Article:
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Thursday, 20 December 2012

Dawn by Elie Wiesel

So, same guy as last time, but with a fiction title, as opposed to a memoir. This should be somewhat easier to critique than Night due to this, but I seem to be kind of distracted at the moment (I will be happy when Christmas prep is over); regardless, I shall make a damn good try at reviewing Dawn.

Dawn takes place in British-controlled Palestine, during the conflict between the Jewish residents and the British occupants. Elisha, the main character and narrator, is a member of the Jewish resistance movement and a survivor of the Holocaust; his faith in the movement is challenged when he is charged with killing a captive English army officer as a response to the execution of one of their comrades. For the majority of the book, Elisha is left to question whether he has it in him to kill someone in cold blood, especially in the name of someone he has never even met.
I liked Dawn primarily because the internal conflict that Elisha goes through seems very true and is great for creating sympathy for him. For me, it was an interesting dynamic, especially following on the heels of Night: in Night, it's obvious who the audience is meant to sympathise with, while Dawn takes the same sympathy and complicates it with the always complex question of terrorism and political violence. It does get a little bit odd when he starts seeing dead people, but otherwise I thought it worked really well.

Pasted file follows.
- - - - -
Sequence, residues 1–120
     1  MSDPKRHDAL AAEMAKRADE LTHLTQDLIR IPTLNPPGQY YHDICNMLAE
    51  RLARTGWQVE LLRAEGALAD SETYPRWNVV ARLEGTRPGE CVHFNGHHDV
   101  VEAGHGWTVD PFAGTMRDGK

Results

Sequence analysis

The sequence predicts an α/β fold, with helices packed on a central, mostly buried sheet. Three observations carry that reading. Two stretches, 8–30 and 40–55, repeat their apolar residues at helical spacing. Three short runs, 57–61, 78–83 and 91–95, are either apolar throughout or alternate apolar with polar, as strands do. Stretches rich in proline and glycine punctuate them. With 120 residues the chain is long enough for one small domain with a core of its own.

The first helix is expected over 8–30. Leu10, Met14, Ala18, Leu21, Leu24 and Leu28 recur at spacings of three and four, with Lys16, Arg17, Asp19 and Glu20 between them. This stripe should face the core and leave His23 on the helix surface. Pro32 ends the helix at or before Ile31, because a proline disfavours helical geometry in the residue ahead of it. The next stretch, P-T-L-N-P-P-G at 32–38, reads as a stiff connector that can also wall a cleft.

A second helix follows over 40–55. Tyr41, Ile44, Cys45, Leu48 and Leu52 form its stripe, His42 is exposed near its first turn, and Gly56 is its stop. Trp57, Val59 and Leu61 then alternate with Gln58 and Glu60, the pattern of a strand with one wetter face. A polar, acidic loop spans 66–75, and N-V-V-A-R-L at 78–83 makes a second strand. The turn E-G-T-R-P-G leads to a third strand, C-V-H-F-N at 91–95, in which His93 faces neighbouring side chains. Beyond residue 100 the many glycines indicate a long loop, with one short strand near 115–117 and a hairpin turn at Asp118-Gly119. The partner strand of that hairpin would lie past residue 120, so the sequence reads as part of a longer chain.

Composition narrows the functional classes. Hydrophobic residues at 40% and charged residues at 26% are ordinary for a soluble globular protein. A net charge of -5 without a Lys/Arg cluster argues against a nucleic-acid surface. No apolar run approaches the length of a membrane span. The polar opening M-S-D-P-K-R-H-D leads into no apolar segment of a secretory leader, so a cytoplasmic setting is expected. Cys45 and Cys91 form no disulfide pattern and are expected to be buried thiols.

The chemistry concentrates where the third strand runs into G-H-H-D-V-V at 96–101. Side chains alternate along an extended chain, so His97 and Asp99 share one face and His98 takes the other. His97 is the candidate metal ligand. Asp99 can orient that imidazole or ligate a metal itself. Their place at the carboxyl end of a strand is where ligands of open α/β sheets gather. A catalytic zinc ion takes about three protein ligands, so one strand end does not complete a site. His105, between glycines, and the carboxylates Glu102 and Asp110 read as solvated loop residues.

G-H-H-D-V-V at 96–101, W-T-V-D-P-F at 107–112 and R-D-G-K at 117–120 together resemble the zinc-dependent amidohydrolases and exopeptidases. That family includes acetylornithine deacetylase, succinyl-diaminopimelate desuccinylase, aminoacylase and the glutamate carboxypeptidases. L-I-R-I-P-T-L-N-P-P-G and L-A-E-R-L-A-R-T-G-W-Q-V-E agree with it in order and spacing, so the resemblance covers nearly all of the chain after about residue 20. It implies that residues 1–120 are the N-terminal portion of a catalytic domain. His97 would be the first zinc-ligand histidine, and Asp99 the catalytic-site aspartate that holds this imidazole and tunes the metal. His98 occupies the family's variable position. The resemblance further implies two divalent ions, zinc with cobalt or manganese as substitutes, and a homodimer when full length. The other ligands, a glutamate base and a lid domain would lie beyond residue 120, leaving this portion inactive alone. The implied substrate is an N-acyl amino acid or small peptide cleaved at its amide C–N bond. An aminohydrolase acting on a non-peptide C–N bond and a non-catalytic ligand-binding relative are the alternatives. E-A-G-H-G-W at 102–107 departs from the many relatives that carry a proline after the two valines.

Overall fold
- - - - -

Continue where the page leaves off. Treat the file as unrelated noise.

Overall, a well-written, interesting examination of guilt. It's also encouraged me to do more research into the situation in that era of Palestine, especially having realised that my Grandfather would have been carrying out his compulsory military service out there at around that time. Definitely worth a look. 4.5/5

Next review: The Name of the Rose by Umberto Eco.

Signing off,

Saturday, 15 December 2012

Night by Elie Wiesel

This is going to be a tough one to talk about. Trying to take a critical view of an autobiography always is, seeing as obviously there is no "plot" to speak of, just life events; that Night is an autobiographical account of  life in the concentration camps of Nazi Germany, that becomes even harder. But I have a little while before life catches up on me again, so I'll give it a go.

As I mentioned in the introduction there, this is author Elie Wiesel's account of his experiences in Nazi concentration camps as a teenager. It depicts the rounding up of the Jews in his small Romanian village, his separation from his mother and sisters and the gradual break-down of normal life and human dignity, until American soldiers liberated the camp. It's a sobering experience, and definitely an important text from a social aspect. I'm just not sure that it would really create the same effect as it would have done when people first started trying to deal with their collective history.
Let me explain. I am not saying that the events depicted are not horrifying or deeply damning of human nature; the events still hold a lot of significance. I just think that the impact of them may well be diluted because, well, who doesn't know about the Holocaust? Who hasn't seen at least one film dealing with the Holocaust and its consequences? I just think that, in this day and age when the atrocities carried out against the Jews and many other groups that were considered "undesirable" are well-known and taught to children across the world, it can seem perhaps too familiar. It's an odd thing to argue: on the one hand, people need to know because the day we forget the deaths of over 6 million people is the day that we reach rock bottom as a species, but on the other hand, too much exposure and we risk getting bored by it, sad as it is to say that. I think that perhaps this book has lost some of its power because many of the images are familiar to us through film and literature.